Things I Love about Daylily Flowers
I want to focus this blog on flower phenotypes. I don't talk about this much, but let's face it, in daylilies it really is all about the flowers! While I want a great plant, that is in order to support an astonishing and lovely flower. Now, perhaps I have an advantage in liking most types of daylilies, so I am not stuck to one type or expression of flower. This creates more room from which I can select individuals that have both a great plant and a striking flower in combination.
I love nearly all types of daylilies. From small round and ruffled diploids to gigantic unusual form tetraploids, and everything in between. I just love daylilies. That is why when asked which type of daylily I am working with, I am forced to answer, "Daylilies".
I love every form; from the star and trumpet shaped species, to the extravagant spiders, all unusual formed flowers, round and ruffled, advanced edged types, thin and delicate as well as thick and plastic-like textures, and everything in between - I like them all.
In this post I want to look at some of my favorite forms and types in the Diploid category. This post will be image heavy, so it may take a while for all the pictures below to load on slower browsers.
The Species are delicate and airy. They have a wild quality to them that is endearing and beautiful. Above Right, Hemerocallis fulva 'Europa' and Left Hemerocallis citrina.
This is a diploid form of Hemerocallis fulva that was brought back to the US from a botanical garden in Seoul, Korea by Darrell Apps in the 1980's. This form shows a very nice, bright green, star-shaped throat.
The unregistered Nashville Star by G.H.Wild. It is a short red, very fulva-like, with rhizomatous growth habit.
Above - Nesmith's 1941 introduction Autumn Red
Frans Hals by Flory, 1955- Above Left - at 8 pm in June during severe drought. While the color has faded in the extreme heat and all day sun, the flower texture has remained intact and there has been no melting of the petals. Above Right - Frans Hals at 9 am in June during severe drought.
Above - The old A.B. Stout cultivar Linda.
ROUND AND RUFFLED DIPS
An unknown round red diploid showing moderate ruffling.
An unknown ruffled pink diploid showing very heavy ruffling that is reliable and does not cause any problems with the flower opening.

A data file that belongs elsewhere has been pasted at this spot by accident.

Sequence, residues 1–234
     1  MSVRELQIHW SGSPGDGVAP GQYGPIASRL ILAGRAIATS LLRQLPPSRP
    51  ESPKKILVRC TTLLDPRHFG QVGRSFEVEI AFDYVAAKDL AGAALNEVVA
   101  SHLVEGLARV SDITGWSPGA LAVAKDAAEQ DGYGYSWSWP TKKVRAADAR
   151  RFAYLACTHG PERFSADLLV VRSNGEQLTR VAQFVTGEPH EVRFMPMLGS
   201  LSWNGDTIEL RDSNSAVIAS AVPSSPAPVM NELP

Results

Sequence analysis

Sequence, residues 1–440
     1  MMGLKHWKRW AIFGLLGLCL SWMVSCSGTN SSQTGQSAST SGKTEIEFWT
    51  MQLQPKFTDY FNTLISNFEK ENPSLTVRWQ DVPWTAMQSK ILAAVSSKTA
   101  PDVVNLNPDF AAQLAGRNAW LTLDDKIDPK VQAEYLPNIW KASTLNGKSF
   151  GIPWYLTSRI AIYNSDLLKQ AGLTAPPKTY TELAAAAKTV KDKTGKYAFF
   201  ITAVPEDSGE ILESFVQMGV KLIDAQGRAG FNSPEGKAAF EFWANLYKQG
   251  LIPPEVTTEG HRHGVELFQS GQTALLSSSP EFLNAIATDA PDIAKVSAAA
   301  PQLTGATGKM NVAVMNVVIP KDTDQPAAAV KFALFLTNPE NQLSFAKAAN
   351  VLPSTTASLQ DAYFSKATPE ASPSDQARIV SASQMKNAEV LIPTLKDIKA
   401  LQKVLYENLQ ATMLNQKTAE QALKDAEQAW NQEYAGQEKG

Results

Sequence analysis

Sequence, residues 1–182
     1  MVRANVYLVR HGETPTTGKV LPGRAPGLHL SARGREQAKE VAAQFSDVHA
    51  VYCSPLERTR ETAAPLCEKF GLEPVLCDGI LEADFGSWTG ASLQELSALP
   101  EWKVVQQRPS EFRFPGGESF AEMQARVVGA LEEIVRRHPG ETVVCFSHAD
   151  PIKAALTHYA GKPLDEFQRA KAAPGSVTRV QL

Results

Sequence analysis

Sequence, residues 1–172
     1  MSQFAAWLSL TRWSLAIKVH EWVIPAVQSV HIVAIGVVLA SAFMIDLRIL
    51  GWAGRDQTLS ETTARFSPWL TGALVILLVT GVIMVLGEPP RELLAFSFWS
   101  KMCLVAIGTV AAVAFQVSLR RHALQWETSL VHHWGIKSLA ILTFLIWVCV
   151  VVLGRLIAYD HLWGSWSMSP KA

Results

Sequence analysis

Above Left, Early and Often is an awesome reblooming, small flowered cultivar with round and ruffled form, and Above Right - Matthew Martin, which is registered as a tetraploid, but breed both ways as a diploid for me, and is very fertile both ways. I love the roundness and heavy texture of this flower. I can see how it could be easily mistaken for a tetraploid.
Pandora's Box is a lovely older near white with purple eye that shows a nice round form with light ruffling on the petal edges.
Baby Blue Eyes by Elizabeth Shooter is an extraordinarily colored lavender eyed purple. The plant has been very hardy and very rust resistant, as have other Shooter cultivars in my garden. Anyone interested in extreme ruffling on diploid cultivars should take a close look at the newest Shooter introductions at Marietta Gardens.
UNUSUAL FORMED DIPS
The old G.H. Wild cultivar Wild One, is still a fantastic unusual form.
Pack Hunter, by Brian Mahieu, is a newer very twisty, curly, tall and hardy unusual form that has the old A.B. Stout cultivar, Challenger, as its pod parent. This cultivar is very striking in the garden and while the scapes lean out a bit, they are sturdy and hold up well. The slight bit of lean actually makes the illusion of the flowers cascading more and having a lot of movement.
Above - An Unusual form seedling in my seedling beds.
Above and below Left - an unknown unusual form often sold as "Magic Dawn". The plant is very vigorous and fertile both ways. The seedling Below Left is from my own seedling beds.
Above - Leaping Lizards, another nice Shooter cultivar that has nice color, good texture, lots of movement and usually reblooms.
Left - A late afternoon flower on Spider Miracle.
Below - Spider Miracle in the early morning with a very green throat.
Below and Left - The G.H. Wild cultivar Giant Fling. I love the triangular form of these flowers. The pinching is a nice touch and the color is a lovely near white with peach/pink flush at the outer edges of the petals as the day goes on.
Left - Mercedes is another older G.H. Wild cultivar with unusual form.
Left - Another shot of G.H. Wild's Wild One. This shot shows the pleating that the cultivar occasionally shows, much like that seen in a more developed form, in some tetraploid cultivars of the pleated sculpted type.
Above - Cherokee Vision is a seedling of Nashville Lights, which is in turn a seedling of Kindly Light. This is a very pretty spider.
Left - Kindly Light is a dependable old spider of very nice form and very strong constitution.
Below - A Early Alibi x Ghost Ranch seedling in my seedling beds.
Left - Jersey Jim is a tall spider with large flower that blooms late and often reblooms.
Right - Galaxy Explosion is a very fertile spider with a very strong presence.
Aldersgate, Above, is a lovely, thin, exaggerated spider form that has done very well in my garden. It has only been pollen fertile so far.
Heavenly Angel Ice is a smaller spider that lives up to its name. It has been a good performer in my garden.
Heavenly Final Destiny is a large diploid spider with very waxy texture and stiff, plastic-like flowers. The overall effect is very much like we expect from a tetraploid spider. I don't think this one is a final destination so much as a launching point!
Flat Formed Dips
I can't say enough good things about Substantial Evidence by Richard Norris and its relatives. Lovely and very different in the landscape.